Increases in workforce, wages, exports and a $79 billion economic impact demonstrates Indiana’s life sciences leadership
INDIANAPOLIS, Ind., March 5, 2019 — Indiana’s life sciences industry celebrated an active 2018 with several notable developments and continued its national prominence with a continuation of strong workforce, wages and company statistics. The economic impact of the state’s life sciences industry – comprised of pharmaceutical, medical device and equipment, agbiosciences, research, testing and medical laboratories and biologistics – continues to grow and is now at $79 billion1 (according to data provided to BioCrossroads by the Indiana Business Research Center [IBRC] at the Indiana University Kelley School of Business).
Indiana’s number of life sciences companies increased for a second year to 1,7511 from 1,689 last year and an increase of employees, now totaling 56,3231. The average wages for the life sciences sector was $97,6071 per worker, resulting in a life sciences payroll total of $5.5 billion1 for the state.
In addition, innovation at Indiana companies remained strong with the state ranking as the second highest exporter of life sciences products in the U.S for the eighth straight year with $10.2 billion of exports.1 Meanwhile, 85 new products gained approval from the U.S. Food and Drug Administration, according to the IBRC.
Also significant is a record-breaking year for Indiana’s life sciences venture capital investments: $115 million was invested in 34 life-sciences start-up companies. Other developments on the funding side included Elanco’s spin out from Eli Lilly and Company through a highly successful initial public offering and has the sixth highest market capitalization in the state2, and BioCrossroads’ launch of their third seed fund installment, Indiana Seed Fund III. The Seed Fund made two new investments to fuel Indiana’s most promising life sciences start-ups.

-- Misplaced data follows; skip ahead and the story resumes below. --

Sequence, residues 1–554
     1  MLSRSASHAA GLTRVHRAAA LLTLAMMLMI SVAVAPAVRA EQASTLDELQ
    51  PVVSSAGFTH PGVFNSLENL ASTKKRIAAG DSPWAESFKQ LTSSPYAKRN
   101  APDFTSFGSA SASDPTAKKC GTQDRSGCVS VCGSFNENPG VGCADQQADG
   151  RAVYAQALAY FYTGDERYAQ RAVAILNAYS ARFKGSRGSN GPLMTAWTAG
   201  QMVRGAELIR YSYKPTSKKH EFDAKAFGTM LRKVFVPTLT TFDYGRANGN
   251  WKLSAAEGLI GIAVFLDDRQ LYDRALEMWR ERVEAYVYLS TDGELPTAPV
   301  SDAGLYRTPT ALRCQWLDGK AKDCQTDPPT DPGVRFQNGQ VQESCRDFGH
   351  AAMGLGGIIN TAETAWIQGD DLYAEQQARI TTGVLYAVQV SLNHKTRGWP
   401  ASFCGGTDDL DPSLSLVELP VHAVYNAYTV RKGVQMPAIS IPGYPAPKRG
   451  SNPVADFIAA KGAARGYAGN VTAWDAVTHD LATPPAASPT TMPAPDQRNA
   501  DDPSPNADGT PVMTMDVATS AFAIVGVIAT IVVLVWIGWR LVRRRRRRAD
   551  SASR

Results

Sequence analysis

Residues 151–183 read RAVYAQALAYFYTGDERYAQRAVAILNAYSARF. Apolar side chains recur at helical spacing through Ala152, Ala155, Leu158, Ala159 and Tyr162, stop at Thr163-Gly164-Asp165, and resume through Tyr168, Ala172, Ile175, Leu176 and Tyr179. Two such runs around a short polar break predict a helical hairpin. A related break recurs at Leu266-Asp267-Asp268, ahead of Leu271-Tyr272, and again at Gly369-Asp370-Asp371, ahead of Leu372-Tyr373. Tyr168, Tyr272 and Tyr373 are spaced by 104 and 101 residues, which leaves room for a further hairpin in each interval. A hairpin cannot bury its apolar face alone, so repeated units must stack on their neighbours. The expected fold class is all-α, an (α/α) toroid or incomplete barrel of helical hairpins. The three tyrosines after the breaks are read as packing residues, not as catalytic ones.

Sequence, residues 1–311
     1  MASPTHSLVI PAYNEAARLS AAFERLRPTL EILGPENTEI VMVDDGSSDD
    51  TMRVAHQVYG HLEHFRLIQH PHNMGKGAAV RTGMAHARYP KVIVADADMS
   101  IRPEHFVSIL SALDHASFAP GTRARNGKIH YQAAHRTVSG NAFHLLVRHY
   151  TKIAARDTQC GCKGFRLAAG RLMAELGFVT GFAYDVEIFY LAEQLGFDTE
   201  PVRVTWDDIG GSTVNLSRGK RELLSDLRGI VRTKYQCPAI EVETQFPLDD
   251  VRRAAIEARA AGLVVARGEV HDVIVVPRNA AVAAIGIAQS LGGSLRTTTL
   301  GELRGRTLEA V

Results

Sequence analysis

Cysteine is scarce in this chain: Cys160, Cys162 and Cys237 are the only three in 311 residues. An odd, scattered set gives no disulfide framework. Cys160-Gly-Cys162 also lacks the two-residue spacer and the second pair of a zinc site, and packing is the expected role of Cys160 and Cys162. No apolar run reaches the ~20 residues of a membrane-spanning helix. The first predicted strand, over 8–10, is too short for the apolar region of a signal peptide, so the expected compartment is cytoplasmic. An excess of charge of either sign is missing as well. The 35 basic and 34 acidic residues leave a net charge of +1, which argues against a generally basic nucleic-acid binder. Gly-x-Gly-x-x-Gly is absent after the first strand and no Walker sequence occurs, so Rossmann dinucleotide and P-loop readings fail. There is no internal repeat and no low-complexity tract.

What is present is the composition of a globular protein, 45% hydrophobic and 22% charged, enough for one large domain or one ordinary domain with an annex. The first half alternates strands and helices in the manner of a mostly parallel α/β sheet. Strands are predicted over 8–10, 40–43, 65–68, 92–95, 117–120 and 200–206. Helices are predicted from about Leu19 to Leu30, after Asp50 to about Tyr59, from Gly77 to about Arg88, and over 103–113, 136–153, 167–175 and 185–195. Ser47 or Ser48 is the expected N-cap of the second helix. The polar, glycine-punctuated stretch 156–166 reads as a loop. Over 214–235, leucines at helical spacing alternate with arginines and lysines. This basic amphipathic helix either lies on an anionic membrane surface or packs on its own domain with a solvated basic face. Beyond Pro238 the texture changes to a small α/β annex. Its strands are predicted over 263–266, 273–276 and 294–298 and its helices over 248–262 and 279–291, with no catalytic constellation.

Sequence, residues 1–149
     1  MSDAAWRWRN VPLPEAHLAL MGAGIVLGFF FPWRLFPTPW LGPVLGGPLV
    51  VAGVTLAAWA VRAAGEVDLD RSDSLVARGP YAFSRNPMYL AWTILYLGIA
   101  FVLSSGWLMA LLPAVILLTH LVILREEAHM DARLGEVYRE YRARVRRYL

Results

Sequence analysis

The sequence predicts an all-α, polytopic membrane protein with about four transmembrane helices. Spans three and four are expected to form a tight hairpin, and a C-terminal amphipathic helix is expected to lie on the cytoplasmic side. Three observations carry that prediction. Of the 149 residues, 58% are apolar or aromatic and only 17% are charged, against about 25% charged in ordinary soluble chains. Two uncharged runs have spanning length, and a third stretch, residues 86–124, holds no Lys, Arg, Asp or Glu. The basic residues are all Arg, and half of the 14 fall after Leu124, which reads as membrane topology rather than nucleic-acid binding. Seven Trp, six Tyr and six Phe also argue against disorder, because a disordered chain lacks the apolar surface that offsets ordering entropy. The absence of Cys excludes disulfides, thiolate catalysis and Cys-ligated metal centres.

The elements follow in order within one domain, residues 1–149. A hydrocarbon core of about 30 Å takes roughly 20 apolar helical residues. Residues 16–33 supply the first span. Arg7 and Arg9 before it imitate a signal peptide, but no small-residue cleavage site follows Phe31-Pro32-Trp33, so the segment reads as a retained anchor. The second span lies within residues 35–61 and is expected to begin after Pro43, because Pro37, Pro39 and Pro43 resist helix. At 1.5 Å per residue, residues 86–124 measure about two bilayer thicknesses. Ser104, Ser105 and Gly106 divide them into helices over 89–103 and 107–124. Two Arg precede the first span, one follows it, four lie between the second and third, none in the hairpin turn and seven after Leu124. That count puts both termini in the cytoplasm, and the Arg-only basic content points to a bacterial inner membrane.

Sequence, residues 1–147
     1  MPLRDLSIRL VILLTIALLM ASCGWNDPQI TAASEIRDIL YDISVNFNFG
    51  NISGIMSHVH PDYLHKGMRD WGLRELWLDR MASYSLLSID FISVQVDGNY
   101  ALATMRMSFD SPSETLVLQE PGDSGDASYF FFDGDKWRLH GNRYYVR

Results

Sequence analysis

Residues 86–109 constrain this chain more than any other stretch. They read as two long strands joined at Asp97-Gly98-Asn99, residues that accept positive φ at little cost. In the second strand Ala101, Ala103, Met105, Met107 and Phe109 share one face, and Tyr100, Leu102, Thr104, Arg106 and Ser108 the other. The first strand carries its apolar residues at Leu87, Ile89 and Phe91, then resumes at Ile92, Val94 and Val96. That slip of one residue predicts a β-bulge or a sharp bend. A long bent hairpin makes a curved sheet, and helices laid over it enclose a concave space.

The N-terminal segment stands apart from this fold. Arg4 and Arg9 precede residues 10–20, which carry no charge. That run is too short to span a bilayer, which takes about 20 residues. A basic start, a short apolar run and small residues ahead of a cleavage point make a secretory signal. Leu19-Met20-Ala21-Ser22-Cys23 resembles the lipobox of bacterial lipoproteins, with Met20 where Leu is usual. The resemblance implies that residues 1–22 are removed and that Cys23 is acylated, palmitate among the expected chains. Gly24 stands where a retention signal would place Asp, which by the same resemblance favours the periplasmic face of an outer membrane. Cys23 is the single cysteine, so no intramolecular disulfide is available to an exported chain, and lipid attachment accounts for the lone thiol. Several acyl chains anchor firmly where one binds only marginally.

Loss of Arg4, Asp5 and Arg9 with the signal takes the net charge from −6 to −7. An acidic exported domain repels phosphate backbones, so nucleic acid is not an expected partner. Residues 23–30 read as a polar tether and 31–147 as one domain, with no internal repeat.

A life-changing treatment for bone diseases developed by researchers at the Indiana University School of Medicine received US Food & Drug Administration approval, at the same time as the Medical School received one of the largest National Institutes of Health awards in its history to the Indiana Clinical and Translational Sciences Institute; Cook Regentec’s “collaboratory” expanded its facility at the south side of 16 Tech’s Innovation District; Endocyte, originally a Purdue University start-up, entered into an agreement to be acquired by Novartis for $2.1 billion; and Eli Lilly and Company announced that they will have a Diabetes Center of Excellence at the Indiana Biosciences Research Institute in connection with the Indiana University School of Medicine.
“Indiana’s life sciences industry continues to grow and to maintain national significance across its key indicators of success: number of companies and employees and economic impact. Innovation at universities, start-ups and our corporate entities is thriving, and it was a record year for venture capital investment,” said Nora Doherty, interim president and CEO of BioCrossroads.
Indiana is home to the global headquarters for: Anthem, Inc., Assembly Biosciences, Cook Medical, Elanco, Eli Lilly and Co. and Zimmer Biomet, and the North American headquarters of Roche Diagnostics; Baxter, Beckman Coulter, Boston Scientific, Corteva Agriscience, Agriculture Division of DowDuPont, Covance, DePuy Orthopaedics, Express Scripts, Mead Johnson/ Reckitt Benckiser, and Medtronic, all host major operations in the state.
BioCrossroads (www.biocrossroads.com) is Indiana’s initiative to grow the life sciences, a public-private collaboration that supports the region’s research and corporate strengths while encouraging new business development. BioCrossroads provides money and support to life sciences businesses, launches new life sciences enterprises, expands collaboration and partnerships among Indiana’s life science institutions, expands science education and markets Indiana’s life sciences industry. The initiative has formed several new nonprofit organizations, including Indiana Health Information Exchange, BioCrossroadsLINX, OrthoWorx, Datalys Center and the Indiana Biosciences Research Institute.
1 2018 data from the Indiana Business Research Center (IBRC)
2 As of 12/31/2018
This data, generated by the Indiana Business Research Center at the Indiana University Kelley School of Business and BioCrossroads, the most recent available data (see footnote for specifics).